What You Sell is What You Lend? Explaining Trade Credit Contracts

55 Pages Posted: 13 Apr 2005

See all articles by Mike Burkart

Mike Burkart

Swedish House of Finance; London School of Economics and Political Science, Department of Finance; Centre for Economic Policy Research (CEPR); European Corporate Governance Institute (ECGI)

Mariassunta Giannetti

Stockholm School of Economics; Centre for Economic Policy Research (CEPR); European Corporate Governance Institute (ECGI); Swedish House of Finance

Tore Ellingsen

Stockholm School of Economics - Department of Economics; Norwegian School of Economics (NHH) - Department of Economics

Multiple version iconThere are 3 versions of this paper

Date Written: December 2004

Abstract

We use a broad range of contractual information to assess the empirical relevance of different financial theories of trade credit. The common feature of all financial theories is that suppliers have an advantage over other lenders in financing credit-constrained firms. While the reasons for the financing advantage differ across theories, they are usually related either to product characteristics or to market structure. We propose a novel identifying strategy that exploits this insight to analyze the trade credit volume and the contract terms. Our analysis suggests that the most important product characteristic for explaining trade credit volume and contract terms is the ease with which the seller's product can be diverted. Market power in input and output markets also contributes to explain trade credit patterns.

Keywords: Moral hazard, trade credits, collateral, contract theory

JEL Classification: G32

Suggested Citation

Burkart, Mike C. and Giannetti, Mariassunta and Ellingsen, Tore, What You Sell is What You Lend? Explaining Trade Credit Contracts (December 2004). CEPR Discussion Paper No. 4823. Available at SSRN: https://ssrn.com/abstract=702928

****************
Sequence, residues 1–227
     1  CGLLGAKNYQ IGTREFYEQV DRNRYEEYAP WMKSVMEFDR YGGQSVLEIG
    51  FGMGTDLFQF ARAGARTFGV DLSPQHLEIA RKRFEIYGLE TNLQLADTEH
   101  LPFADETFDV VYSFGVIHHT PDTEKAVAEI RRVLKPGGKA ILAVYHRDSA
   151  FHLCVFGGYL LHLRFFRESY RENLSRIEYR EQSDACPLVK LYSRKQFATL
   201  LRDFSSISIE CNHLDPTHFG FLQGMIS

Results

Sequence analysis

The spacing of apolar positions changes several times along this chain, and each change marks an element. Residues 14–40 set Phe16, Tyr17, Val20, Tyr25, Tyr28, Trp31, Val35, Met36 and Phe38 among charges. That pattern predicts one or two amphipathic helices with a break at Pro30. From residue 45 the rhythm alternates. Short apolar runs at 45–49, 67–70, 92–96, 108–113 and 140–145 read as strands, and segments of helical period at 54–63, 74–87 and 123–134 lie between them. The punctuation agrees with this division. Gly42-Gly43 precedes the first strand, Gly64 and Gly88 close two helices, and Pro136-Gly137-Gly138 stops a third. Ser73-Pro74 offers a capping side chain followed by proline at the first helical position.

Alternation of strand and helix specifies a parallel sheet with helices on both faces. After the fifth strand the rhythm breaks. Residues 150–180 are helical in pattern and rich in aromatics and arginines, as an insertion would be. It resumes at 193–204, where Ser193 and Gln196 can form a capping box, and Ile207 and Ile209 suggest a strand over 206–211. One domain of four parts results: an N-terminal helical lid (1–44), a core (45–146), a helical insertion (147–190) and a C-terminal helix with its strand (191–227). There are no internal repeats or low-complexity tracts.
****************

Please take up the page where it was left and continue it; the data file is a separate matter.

Mike C. Burkart (Contact Author)

Swedish House of Finance ( email )

Drottninggatan 98
111 60 Stockholm
Sweden

London School of Economics and Political Science, Department of Finance ( email )

Houghton Street
London, WC2A 2AE
United Kingdom

Centre for Economic Policy Research (CEPR)

London
United Kingdom

HOME PAGE: http://www.cepr.org/default_static.htm

European Corporate Governance Institute (ECGI)

c/o ECARES ULB CP 114
B-1050 Brussels
Belgium

HOME PAGE: http://www.ecgi.org

Mariassunta Giannetti

Stockholm School of Economics ( email )

P.O. Box 6501
Sveavagen 65
SE-113 83 Stockholm
Sweden
+46 8 736 9607 (Phone)
+46 8 312 327 (Fax)

HOME PAGE: http://sites.google.com/site/mariassuntagiannetti/Home

Centre for Economic Policy Research (CEPR)

London
United Kingdom

European Corporate Governance Institute (ECGI)

c/o ECARES ULB CP 114
B-1050 Brussels
Belgium

HOME PAGE: http://www.ecgi.org

Swedish House of Finance ( email )

Drottninggatan 98
111 60 Stockholm
Sweden

Tore Ellingsen

Stockholm School of Economics - Department of Economics ( email )

P.O. Box 6501
Sveavagen 65
S-113 83 Stockholm
Sweden
+46 8 736 9260 (Phone)
+46 8 31 3207 (Fax)

Norwegian School of Economics (NHH) - Department of Economics

Helleveien 30
N-5035 Bergen
Norway

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